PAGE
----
MILWAUKEE — Many parents in the community are trying to figure out what to do after the Milwaukee School Board voted to keep the public school district virtual until Jan. 18, amid the recent spike in COVID-19 cases across the region.
For nearly four hours during a meeting Thursday night, school board members listened to the latest statistics of the city’s overall COVID cases as it relates to MPS, as well as testimonies from teachers and community members who are worried for the safety of their students and themselves.
“We all want the same thing for our students and staff — a healthy and safe learning and work environment,” said MPS Superintendent Dr. Keith Posley.
Through updates on the district’s COVID protocols, including how it reports positive cases, technology distribution for students and staff and maintaining a seamless transition between virtual and in-person instruction, among others, board members and community members asked the tough questions, with concerns over how to protect the MPS community.
“If we are to attract and retain teachers, we need to show current and future employees that this district cares about their health and safety; that you value our time and trust our professionalism. The greatest resource we have in this district is our dedicated staff, from our teachers and paraprofessionals to our essential workers, like building service helpers, lunch workers and bus drivers,” said community member Nicolo Orarato.
For some, doubts arose on whether a mask mandate would be enough or if the Centers for Disease Control’s quarantine guidance for vaccinated versus unvaccinated people offers adequate protection for those in the classroom.
“As much as we have a mask mandate in our schools, what I hear from many teachers is that it’s hard to - on the young end, it’s hard because little kids like to play and do whatever. Then, on the higher end, in terms of high school, teenagers, and so on and so forth, they don’t always follow instructions,” said MPS School Board President Bob Peterson.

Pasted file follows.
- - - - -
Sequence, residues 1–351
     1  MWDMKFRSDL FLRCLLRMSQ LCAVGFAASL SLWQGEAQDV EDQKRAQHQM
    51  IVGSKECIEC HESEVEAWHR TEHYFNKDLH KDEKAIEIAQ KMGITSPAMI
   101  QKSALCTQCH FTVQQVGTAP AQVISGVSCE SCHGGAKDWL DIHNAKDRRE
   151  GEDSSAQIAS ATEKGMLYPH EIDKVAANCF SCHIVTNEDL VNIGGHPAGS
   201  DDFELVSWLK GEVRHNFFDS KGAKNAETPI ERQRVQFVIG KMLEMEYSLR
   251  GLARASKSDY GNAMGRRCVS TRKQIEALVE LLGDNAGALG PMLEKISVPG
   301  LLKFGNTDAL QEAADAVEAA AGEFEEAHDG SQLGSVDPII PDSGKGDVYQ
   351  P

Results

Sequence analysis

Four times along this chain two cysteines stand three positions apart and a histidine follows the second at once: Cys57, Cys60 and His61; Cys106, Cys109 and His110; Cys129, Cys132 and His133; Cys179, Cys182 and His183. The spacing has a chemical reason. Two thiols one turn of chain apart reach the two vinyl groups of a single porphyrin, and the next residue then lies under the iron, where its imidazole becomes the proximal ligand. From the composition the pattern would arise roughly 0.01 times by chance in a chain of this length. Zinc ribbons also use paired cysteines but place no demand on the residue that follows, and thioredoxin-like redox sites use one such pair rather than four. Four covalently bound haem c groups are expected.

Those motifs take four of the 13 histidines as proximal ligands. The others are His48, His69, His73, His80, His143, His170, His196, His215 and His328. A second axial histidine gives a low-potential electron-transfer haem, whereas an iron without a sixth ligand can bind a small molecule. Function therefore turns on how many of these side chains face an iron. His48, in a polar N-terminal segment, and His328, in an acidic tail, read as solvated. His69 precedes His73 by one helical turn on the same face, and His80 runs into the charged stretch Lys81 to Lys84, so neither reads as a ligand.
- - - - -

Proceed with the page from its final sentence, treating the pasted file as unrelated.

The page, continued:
The sole no vote, Director Megan O’Halloran, says she supports the case-by-case assessment strategy when it comes to school closures but believes it should also be applied when it comes to switching the entire district to virtual learning.
“I know that the numbers overall have been quite large, but when I look at the dashboard, I’ll see some schools that will have like 1 case or 2 cases, and so, I’m wondering why we should continue them remote next week if we continue to see 1 or 2 cases,” said O’Halloran. “Schools are open, I’m not saying they’re not, but why would they not be in person?”
The motion also includes the need to continue and improve COVID-19 mitigation strategies, like cleaning, adequate supplies, vaccine clinics, staffing or other support, as well as direct the Office of the Board of Governance to make a formal request to Acting-Mayor Cavalier Johnson, the Milwaukee Common Council and Milwaukee Health Commissioner Kirsten Johnson to reinstate the citywide mask mandate.
“Despite the fact that I want children and educators to be in the schools, I will support schools going back on the 18th. But I do want the administration to put more effort and focus solely on a transitional plan to ensure we don't shut down again,” said Aisha Carr, MPS School Board Director District #4.
To support students and families through the virtual learning extension, meals will still be offered at 50 Stop, Grab and Go locations across the city from 11 a.m. to 1 p.m. every day. Also, while before and after school programs are closed for the time being, academic and athletic competitions are still going on as planned.